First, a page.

I'd actually seen The Lost Boys on 35mm several years earlier, though the print in Syracuse was a little cleaner, if my memory is correct. Actually, all of the prints were surprisingly good, with Riki-Oh: The Story of Ricky the only one that had any noticeable wear and tear. As for The Lost Boys, it's the quintessential '80s movie played just straight enough to work. Director Joel Schumacher is known for his slick, commercial filmmaking style, but it's actually quite entertaining when paired with the right material (which, unfortunately, has only happened with a few movies). The Lost Boys is the movie Schumacher was born to make; originally conceived as a Goonies-esque adventure with a cast of preteen characters, the script was rewritten after Schumacher became attached. It seems silly to say that Schumacher and screenwriter Jeffrey Boam made the movie "darker" - this is still a movie that caps a vampire's explosive death with the line "Death by stereo." But as flashy and MTV-influenced as it is, The Lost Boys also benefits from a surprisingly sympathetic cast of characters, atmospheric cinematography by Michael Chapman (who also shot Taxi Driver and Raging Bull), and strong performances, particularly from its adult stars, Dianne Wiest (between this and Parenthood, one of the most loveable movie moms), Edward Herrmann and, especially, Barnard Hughes as Grandpa. The movie has a standard '80s action climax, but it's done with panache and never insults our intelligence, and the last scene is a hoot. Leaving the theater, I overheard one audience member say to a friend, "I don't know, I guess I'm more of a Near Dark guy." So am I, guy, but Near Dark doesn't have this guy. There's room for both movies in this world.
I hadn't seen Riki-Oh: The Story of Ricky in over a decade, and I was able to get past my distaste for its extreme gore and appreciate the deliberate humor behind its excess. I don't know how I missed it the first time - the warden character keeps mints in his glass eye, for pete's sake. The movie is an adaptation of a manga, and director Ngai Choi Lam goes for an over-the-top approach to the performances and outlandish action scenes that would seem a bit much even in a comic book. The title character is imprisoned for killing the drug dealers responsible for his girlfriend's death; set in the distant year of 2001, prisons have been privatized, its owners using them for opium production, and Ricky is soon forced to battle the administration's henchmen. Taught by his uncle, a qigong master, Ricky is able to literally put his fist through his opponents (I studied qigong but can't punch a person's head off; maybe I should have stuck with it longer). And the movie quickly becomes an escalating series of ultra-gruesome setpieces, and while it provokes a good deal of shocking laughter, I have to admit that it's not my cup of tea. I don't necessarily mind ultraviolence, but while a movie like Peter Jackson's Braindead approaches gore with a spirit of Looney Tunes-influenced cartoonish invention, in Ricky-Oh the gore is unreal but still brutal and punishing. That said, it's a great audience movie - the people I saw it with were cracking up throughout, and the triumphant final scene elicited massive applause. And at the very least, it's a potent cautionary tale about the dangers of government privatization.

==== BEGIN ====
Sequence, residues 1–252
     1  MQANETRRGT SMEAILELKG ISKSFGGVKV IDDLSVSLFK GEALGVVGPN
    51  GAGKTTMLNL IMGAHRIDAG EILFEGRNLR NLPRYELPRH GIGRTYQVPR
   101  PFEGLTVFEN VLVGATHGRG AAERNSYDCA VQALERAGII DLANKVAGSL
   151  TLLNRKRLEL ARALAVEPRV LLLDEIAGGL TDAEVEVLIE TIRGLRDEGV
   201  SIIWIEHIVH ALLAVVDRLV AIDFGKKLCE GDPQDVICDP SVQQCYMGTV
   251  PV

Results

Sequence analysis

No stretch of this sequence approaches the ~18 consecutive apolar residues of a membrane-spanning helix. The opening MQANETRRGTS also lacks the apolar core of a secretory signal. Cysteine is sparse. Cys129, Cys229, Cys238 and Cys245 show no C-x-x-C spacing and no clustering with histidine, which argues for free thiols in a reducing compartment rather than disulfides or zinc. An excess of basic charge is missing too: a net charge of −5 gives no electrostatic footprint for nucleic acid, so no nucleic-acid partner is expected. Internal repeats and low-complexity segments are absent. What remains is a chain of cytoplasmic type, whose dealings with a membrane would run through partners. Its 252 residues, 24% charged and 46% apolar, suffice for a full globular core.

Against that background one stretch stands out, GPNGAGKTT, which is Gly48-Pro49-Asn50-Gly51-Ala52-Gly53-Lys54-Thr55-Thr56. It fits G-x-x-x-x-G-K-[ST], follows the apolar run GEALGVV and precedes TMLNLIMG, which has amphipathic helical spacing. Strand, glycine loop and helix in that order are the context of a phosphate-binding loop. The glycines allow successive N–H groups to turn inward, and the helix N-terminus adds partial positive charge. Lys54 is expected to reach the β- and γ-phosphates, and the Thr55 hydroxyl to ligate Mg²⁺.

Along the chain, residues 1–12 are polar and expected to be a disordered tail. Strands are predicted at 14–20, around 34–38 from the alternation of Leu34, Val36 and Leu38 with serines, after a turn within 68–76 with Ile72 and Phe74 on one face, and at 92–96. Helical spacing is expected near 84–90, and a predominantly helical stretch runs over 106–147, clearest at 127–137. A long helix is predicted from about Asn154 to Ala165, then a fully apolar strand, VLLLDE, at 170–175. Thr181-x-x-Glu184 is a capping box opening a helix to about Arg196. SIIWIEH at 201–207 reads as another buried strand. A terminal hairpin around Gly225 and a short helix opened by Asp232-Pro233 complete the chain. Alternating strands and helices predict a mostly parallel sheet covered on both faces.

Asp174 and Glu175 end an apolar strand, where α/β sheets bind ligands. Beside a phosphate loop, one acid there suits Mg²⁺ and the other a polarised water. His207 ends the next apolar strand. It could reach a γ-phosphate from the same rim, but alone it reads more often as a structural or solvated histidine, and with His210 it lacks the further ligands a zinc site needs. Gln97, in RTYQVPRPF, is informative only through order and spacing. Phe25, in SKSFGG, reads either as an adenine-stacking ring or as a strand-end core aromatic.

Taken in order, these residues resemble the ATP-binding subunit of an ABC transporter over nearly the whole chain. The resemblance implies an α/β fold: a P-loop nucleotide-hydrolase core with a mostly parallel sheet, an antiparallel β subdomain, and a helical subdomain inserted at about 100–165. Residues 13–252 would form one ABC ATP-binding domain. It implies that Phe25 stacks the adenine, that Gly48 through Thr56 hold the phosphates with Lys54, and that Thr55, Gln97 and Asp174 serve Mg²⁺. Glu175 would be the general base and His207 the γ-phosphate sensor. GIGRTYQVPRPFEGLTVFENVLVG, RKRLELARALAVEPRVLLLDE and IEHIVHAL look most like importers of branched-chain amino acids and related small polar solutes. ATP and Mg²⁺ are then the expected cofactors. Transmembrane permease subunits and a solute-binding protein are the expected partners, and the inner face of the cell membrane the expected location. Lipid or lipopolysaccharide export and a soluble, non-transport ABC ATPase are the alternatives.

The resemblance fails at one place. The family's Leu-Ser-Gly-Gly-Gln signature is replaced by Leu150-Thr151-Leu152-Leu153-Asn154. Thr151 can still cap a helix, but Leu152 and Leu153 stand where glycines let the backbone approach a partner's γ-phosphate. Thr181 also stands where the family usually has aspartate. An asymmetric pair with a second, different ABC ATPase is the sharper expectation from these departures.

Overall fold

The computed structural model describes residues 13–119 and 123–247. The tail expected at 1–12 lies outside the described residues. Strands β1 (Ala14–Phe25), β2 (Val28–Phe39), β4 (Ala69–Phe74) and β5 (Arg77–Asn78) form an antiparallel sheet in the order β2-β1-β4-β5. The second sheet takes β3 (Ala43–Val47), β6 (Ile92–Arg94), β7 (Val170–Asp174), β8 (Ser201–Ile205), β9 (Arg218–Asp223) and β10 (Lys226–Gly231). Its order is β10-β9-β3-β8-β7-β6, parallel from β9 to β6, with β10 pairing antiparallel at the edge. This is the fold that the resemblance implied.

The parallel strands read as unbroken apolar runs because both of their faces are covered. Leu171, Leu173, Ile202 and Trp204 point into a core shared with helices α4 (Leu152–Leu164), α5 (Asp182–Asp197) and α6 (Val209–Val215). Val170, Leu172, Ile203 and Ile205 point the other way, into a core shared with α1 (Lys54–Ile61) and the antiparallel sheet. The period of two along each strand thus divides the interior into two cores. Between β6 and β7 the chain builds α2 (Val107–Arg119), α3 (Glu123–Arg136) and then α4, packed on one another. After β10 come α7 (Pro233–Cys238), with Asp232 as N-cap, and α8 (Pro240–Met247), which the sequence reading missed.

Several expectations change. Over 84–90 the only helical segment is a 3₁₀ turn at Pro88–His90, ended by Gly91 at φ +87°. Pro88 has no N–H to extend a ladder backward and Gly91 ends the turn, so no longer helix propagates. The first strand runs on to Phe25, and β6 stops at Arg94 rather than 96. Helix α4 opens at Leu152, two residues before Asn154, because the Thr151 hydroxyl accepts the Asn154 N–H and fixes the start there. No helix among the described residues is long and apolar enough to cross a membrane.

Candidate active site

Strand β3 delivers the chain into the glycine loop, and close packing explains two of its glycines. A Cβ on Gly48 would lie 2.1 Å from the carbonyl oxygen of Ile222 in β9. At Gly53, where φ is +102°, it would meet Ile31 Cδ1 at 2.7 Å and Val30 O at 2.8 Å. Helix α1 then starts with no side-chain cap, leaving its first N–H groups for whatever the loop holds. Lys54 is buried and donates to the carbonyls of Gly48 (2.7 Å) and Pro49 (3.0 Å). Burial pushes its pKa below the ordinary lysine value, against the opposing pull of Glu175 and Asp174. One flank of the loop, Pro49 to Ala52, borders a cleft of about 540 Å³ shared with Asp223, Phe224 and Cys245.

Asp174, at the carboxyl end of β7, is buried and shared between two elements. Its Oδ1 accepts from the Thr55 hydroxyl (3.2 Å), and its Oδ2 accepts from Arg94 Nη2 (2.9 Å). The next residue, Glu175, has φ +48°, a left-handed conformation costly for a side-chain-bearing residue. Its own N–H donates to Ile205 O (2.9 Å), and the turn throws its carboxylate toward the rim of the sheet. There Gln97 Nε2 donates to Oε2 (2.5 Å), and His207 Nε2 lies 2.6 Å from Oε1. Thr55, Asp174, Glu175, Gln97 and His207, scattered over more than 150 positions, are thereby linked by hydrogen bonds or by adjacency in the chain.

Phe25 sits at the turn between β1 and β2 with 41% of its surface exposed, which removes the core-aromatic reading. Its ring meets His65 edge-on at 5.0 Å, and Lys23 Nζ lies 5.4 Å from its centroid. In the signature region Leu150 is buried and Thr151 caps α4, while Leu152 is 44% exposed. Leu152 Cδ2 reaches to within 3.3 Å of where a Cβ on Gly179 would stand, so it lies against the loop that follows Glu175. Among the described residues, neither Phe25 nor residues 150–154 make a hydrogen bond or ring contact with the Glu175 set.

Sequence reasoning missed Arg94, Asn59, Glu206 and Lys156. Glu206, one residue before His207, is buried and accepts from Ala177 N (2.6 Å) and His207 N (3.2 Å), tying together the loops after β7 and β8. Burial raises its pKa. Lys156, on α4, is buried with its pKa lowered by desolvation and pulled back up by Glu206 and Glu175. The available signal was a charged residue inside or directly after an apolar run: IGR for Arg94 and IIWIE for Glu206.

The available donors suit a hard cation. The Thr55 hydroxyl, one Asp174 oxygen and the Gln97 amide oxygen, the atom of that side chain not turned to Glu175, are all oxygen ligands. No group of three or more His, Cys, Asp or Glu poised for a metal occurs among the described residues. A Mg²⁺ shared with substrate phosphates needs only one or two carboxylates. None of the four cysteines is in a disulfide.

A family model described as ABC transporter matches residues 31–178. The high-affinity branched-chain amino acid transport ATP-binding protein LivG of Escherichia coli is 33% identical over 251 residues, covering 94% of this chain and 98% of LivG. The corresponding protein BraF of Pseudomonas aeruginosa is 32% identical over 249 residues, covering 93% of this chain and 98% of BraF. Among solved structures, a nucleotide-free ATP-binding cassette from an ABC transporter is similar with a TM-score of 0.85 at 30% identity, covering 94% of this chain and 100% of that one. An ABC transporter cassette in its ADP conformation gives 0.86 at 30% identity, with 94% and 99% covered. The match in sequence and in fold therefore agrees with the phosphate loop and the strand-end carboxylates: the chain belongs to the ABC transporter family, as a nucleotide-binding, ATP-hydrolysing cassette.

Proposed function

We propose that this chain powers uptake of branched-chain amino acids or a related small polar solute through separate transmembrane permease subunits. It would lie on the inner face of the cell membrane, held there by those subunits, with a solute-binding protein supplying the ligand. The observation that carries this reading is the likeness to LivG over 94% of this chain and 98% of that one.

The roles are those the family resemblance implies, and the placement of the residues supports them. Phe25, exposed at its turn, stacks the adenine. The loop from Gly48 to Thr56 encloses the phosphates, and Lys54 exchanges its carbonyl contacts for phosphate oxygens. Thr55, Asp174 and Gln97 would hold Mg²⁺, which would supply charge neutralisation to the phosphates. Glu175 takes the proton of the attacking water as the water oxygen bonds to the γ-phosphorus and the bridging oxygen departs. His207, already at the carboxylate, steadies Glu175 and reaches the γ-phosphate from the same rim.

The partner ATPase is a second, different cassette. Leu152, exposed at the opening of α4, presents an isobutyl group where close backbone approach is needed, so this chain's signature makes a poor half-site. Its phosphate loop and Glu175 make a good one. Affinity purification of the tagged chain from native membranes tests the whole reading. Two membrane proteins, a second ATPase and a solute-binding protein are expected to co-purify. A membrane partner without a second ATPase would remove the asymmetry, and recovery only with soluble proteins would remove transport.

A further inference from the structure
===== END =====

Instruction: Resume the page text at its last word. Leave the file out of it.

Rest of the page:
Sleepaway Camp distinguished itself from the spate of early-'80s Friday the 13th with its famously strange, psychosexual twist ending. If you haven't seen the movie and haven't had the ending spoiled, it's worth seeing for one of the best "WTF?" moments in any movie. The rest of the movie, about a mysterious killer picking off campers, is pretty standard and formulaic but entertainingly quirky. Unlike most of its contemporaries, it doesn't have any gratuitous T&A and actually goes much further in objectifying its male cast. I'm not proud for noticing, but seeing it on the big screen made me wonder if the campers and counselors had a contest to see who could wear the tightest, shortest short shorts. And the only sex scene is some heavy petting between two men seen in a flashback that is part of shy camper Angela's (Felissa Rose) incomprehensible backstory. Sleepaway Camp isn't among the best slashers, but it's fun and entertainingly quirky and, as with the first the few Friday the 13th movies and The Burning, the rural East Coast locations (upstate New York here) have a cozy nostalgic appeal. And while I feel like I'd be stepping on Stacie Ponder's toes if I went on at length about Karen Fields's performance as Judy, she is one of the most enjoyably bitchy characters of all time.
Halloween II may seem like an odd choice for one of the movies I've most wanted to see on film, as there are many better horror movies I haven't seen on the big screen. It's partly because it seemed unlikely that I'd ever have the opportunity, and also, I think, because it was one of my gateway drugs into the genre. I watched it countless times on TV and video when I was young, and it frightened me almost as much as John Carpenter's original. Seeing it as an adult, the mostly generic supporting characters and some ho-hum gory moments stick out more; Carpenter was contractually obligated to co-write and co-produce the sequel (directed by Rick Rosenthal), and the script does feel like an afterthought even for a slasher. Still, I can't help loving it - the hospital setting is a great (if implausibly unpopulated) location for Michael Myers to stalk his prey, and Rosenthal and DP Dean Cundey (returning from the first movie) wring a great deal out of tension out of the location's many empty spaces. It helps that stuntman Dick Warlock does a great job playing Myers; it may seem silly to single out a performance that consists of wearing a mask, walking around and pretending to stab people, but there's a big difference between a stuntman going through the motions and one who, like Warlock, uses his body language and the close-ups on his eyes peering through the mask to give the character a believable sense of single-minded murderous rage. The climactic chase scene is as suspenseful as anything in the original movie, and it was a pleasure seeing Cundey's gorgeous scope cinematography on a huge screen, with Carpenter and Alan Howarth's terrific score turned way up - my inner eight-year-old couldn't have been happier.